Choosing Cooktops

A professional chef's tips on how to choose a cooktop that works best for you


If you shop for cooktops, stoves, and kitchen appliances like a pro chef, you'll learn to check critical components that dramatically affect how well you cook. A former professional chef (and now a certified kitchen designer) gave us some insider tips on how to choose a cooktop.

Talking Heat
Firepower is often the essential—and unnamed—ingredient in many fabulous recipes. That makes understanding heat a critical cooking skill. For example, if chicken turns out greasy, the problem could be related to heat output, or more specifically, recovery ratio. When you drop food into a pan, the temperature of the water, oil, or grease plummets. The time it takes for the liquid to regain its original temperature is called the recovery ratio. Until the high-heat temperature is recovered and seals the chicken, oil seeps into the meat, creating a greasier flavor. Recovery ratio also plays a key role in preparing sauces.

Cooktops with a maximum heat output equal to or higher than 12,000 Btus (British thermal units) provide optimal recovery. The average cooktop produces a maximum of 6,000-10,000 Btus; some cooktops are rated in watts (1 watt equals 4 Btus).

Moving Heat
A cooktop's grates play a big role in cooking, through heat dispersion (distribution) and dissipation (release). Heat must be evenly distributed and escape the grate easily when it is decreased or cut off.

While many people like continuous cast iron grates because the even surface allows for easy pot shifting, continuous grates on gas cooktops dissipate heat more slowly. If you choose continuous grates for a gas cooktop, simmering may require moving dishes to another burner, just as on an electric model.

The Right Cookware
Pots and pans are critical in the cooking equation. Heat dispersion and dissipation vary among dishware materials, with copper, aluminum, and cast iron cookware being the best heat distributors. Cast iron cookware provides poor dissipation, holding heat long after the burner is shut off. Stainless steel cookware is a popular choice and is used for lining in other types of cookware.

When shopping for copper or aluminum cookware, buy only those lined with stainless steel, tin, or silver to prevent unsafe effects on food.

Range or Countertop?
Stand-alone cooktops on countertops and range cooktops offer the same basic functions, but they affect your kitchen setup differently. A range is often the smarter choice in smaller kitchens with limited layout options. In spacious cooking zones, a cooktop and double ovens offer generous cooking capacity and layout flexibility.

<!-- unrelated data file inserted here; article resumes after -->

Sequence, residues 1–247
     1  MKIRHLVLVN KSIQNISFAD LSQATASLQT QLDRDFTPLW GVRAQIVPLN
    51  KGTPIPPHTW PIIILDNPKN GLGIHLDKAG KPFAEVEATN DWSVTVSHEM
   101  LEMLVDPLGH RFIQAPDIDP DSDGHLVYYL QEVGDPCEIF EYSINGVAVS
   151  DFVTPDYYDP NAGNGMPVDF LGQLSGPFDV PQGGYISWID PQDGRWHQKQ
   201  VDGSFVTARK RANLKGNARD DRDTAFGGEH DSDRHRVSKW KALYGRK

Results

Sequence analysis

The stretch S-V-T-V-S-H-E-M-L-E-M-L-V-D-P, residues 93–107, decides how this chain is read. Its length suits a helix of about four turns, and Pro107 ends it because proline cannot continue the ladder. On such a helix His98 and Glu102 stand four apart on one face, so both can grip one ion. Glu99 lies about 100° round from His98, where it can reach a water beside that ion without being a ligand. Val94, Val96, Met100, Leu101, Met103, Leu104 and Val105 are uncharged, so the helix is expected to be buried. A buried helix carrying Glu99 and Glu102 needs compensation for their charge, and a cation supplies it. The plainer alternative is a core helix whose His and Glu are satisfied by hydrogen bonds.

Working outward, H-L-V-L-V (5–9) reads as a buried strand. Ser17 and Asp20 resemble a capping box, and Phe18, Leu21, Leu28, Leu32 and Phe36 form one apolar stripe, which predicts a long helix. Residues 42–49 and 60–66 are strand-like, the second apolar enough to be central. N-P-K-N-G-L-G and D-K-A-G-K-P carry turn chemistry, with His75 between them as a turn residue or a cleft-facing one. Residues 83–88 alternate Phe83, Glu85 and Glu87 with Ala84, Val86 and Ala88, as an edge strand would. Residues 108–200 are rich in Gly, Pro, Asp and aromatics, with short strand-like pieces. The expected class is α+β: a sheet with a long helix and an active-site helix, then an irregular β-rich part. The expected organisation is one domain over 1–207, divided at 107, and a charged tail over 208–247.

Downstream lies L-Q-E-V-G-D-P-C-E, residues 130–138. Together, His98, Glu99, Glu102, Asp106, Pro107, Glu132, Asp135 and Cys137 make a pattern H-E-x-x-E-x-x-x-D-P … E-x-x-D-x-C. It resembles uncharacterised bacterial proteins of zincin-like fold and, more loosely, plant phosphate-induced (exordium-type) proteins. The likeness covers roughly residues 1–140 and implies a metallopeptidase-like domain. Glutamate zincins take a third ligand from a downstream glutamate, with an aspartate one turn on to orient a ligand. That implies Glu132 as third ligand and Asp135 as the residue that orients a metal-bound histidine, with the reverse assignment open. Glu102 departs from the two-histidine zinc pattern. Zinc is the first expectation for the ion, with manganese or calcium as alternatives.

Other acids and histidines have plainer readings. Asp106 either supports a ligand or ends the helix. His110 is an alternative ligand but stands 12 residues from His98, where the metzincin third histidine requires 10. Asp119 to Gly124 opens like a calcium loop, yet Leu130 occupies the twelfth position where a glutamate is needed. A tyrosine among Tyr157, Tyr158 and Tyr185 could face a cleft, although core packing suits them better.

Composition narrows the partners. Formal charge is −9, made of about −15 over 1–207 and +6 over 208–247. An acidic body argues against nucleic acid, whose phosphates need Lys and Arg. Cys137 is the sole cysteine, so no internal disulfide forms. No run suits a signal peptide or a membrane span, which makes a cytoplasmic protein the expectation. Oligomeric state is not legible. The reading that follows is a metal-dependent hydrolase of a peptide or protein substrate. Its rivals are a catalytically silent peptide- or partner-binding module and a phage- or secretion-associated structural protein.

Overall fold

Burners come in many shapes and sizes.
Some cooktops even come with interchangeable accessories, such as grills, griddles, and woks. Larger burners offer the most flexibility and let you cook "horizontally" rather than "vertically." When cooking chili, for example, smaller burners, such as the 9-inch units on many cooktops, require the use of small, tall pots and frequent stirring for even cooking. That means meals take longer to cook. Bigger burners, such as the 12-inch units available on some cooktops, support larger, shallower pots that produce faster, more even cooking with less stirring. Some cooktops on stoves feature a bridge element that combines neighboring burners to accommodate large pans.

Few residential ranges or cooktops offer high and low output on every burner.
Shop for cooktops with high-power burners (for sauteing) in the front, and low-power burners (for simmering) in the back.

Go shopping with your favorite large pot.
Try it out on potential purchases to make sure it doesn't bump up against control knobs or neighboring burners. Also, pans should be no more than 1 inch larger than burners. Buying a cooktop with nothing but large burners lets you move pots without worrying about whether they fit a particular burner.

Gas burners come in sealed or open setups.
Open burners achieve maximum heat output more quickly, but pans sit farther from the flame than pans on sealed burners. Sealed burners make the most of heat by keeping pans close to the flame. Plus, they are easier to keep clean.

Electric:
Electric stove units are low-maintenance (especially smooth-top cooktops) and have no pilot light to fuss with. Electric models may offer the equivalent of 10,000-12,000 Btus, but they respond more slowly to heat adjustments. A good idea is to buy an electric cooktop with five or six elements for optimal pan shifting; preheat two elements, one high, one low, and then simply move pans as needed. Make sure the location of knobs and controls doesn't limit pan positioning.

Gas:
Instant heat regulation makes gas stoves, which offer output of 500-15,000 Btus, the pros' choice. With gas ranges, you can see the size of your flame, and you can control it instantly. If burners don't offer as low a simmer as desirable, you can expand simmering options with inexpensive heat diffusers, which are available at home centers.

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